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Bringing science to life

Medical communications in a new decade

An electrical chargeThe growing importance of medical communications and its strategic role is a trend set to continue, and a major influence in this is the radical shift ongoing in pharma, sometimes described as the tipping point of change.

In such an environment, medical communications agencies need to understand how to add value to the industry to help achieve meaningful and credible clinical positioning founded on transparency. I believe the science must be valued at the heart of customer interactions, founded on a strong evidence base, with a desire to engage with customers in different ways.

Evidence-based decision-making may be driven by individual experts and medical societies but, at the same time, expansion of the stakeholder base will influence treatment decisions, driving a need for educational support not just for healthcare professionals but also for patients.

Access to information via the internet and social media means we have a patient base that is more articulate and well-informed than ever, resulting in a need for evidence to be interpreted and communicated in ways that remain meaningful and in context for patients and carers.

We are seeing an escalation in the number of educational programmes aimed at disease prevention and at improving compliance and adherence; and there is a growing need for validated decision-making tools to support personalised healthcare, optimising both the clinical and economic value of a therapy.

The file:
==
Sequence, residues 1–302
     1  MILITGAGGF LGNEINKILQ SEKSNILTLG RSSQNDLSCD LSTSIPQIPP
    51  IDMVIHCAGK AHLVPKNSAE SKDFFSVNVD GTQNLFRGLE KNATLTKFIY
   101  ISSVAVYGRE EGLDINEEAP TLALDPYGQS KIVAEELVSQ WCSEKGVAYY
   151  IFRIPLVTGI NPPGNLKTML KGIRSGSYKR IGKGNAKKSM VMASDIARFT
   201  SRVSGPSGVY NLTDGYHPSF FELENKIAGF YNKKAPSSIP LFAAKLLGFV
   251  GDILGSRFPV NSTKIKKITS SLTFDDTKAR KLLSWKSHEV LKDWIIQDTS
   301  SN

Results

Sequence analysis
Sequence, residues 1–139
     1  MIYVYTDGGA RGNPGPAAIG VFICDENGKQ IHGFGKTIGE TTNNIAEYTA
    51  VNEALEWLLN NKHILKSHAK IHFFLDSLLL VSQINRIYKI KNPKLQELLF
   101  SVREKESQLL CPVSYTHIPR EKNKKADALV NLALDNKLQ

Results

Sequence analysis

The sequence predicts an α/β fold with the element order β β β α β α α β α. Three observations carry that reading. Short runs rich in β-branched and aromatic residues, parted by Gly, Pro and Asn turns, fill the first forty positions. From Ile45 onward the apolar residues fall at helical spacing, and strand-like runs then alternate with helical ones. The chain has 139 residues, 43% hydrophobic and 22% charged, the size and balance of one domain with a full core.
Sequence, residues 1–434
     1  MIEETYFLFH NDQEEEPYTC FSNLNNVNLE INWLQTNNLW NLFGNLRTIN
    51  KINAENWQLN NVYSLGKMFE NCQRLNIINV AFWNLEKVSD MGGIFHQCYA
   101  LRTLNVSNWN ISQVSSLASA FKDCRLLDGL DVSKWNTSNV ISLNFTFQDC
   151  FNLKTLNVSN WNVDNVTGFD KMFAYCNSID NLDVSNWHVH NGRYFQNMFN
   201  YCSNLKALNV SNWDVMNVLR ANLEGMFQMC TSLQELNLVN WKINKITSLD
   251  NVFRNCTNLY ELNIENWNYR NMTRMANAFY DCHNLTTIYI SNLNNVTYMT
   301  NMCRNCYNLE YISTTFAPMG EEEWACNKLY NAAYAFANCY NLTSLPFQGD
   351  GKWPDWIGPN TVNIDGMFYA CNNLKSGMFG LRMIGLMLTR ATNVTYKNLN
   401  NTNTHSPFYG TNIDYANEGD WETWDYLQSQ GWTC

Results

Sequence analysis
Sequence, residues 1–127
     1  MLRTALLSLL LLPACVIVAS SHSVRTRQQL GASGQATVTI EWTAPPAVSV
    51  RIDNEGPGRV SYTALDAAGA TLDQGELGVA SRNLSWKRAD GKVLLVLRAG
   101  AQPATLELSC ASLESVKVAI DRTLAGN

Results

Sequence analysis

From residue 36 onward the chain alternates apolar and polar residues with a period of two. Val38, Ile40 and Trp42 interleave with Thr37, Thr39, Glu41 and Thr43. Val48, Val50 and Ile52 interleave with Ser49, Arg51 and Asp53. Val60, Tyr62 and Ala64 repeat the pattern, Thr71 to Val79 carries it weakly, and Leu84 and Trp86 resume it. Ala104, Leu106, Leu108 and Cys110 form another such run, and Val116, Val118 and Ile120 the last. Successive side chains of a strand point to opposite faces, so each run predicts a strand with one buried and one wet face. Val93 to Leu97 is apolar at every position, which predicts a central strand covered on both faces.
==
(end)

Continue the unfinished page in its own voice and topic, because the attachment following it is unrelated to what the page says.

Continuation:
In addition, we are likely to see the development of integrated payer programmes, reflecting increasing payer power and the need for payer insight and education, and, given their growing role in patient management, increased emphasis on educational initiatives targeted towards both nurses and pharmacists.

Transparency and reputation have never been more important in medical communications, and the involvement of medical communications agencies can drive integrity and openness through improved practice and education. The publication last year of the updated Good Publication Practice guidelines (GPP2) set out high expectations for industry-sponsored publications and it will not be long before failure to comply with GPP2 will result in an assumption of unethical practice.

The regulatory environment is correct in maintaining that scientific publications should remain free from marketing influence and, in practice, this is likely to lead to wider but increasingly separate relationships with external experts. Investigators working on clinical trial programmes will author scientific publications and work with clinical or medical departments, while a separate group of experts will be engaged by marketing departments at company-sponsored meetings and elsewhere, to explain the relevance of the data in clinical practice.

Active global collaboration will lead pharma companies to expand their network of external experts beyond study investigators, and spend time and energy working with a wider group of professionals whose endorsement will be influential at global, regional and local levels, and who will transfer customer insight and opinion from local to global level.

To continue to thrive, medical communications agencies need to adapt to and ultimately champion these changes.

It is not sufficient simply to provide a medical writing service without the scientific thinking and strategy to support it. Agencies that see the value of this as intellectual property, nurturing in-house expertise to provide clients with scientific excellence, strategic insight and exceptional delivery, will provide maximum benefit to clients and improvements to healthcare by bringing the science to life.

Amanda Smith
The Author
Amanda Smith Global Head, Caudex Medical
Email her at:

This article was first published in PME May/June 2010 as part of the Thought Leader series.

To comment on this article, email


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9th June 2010


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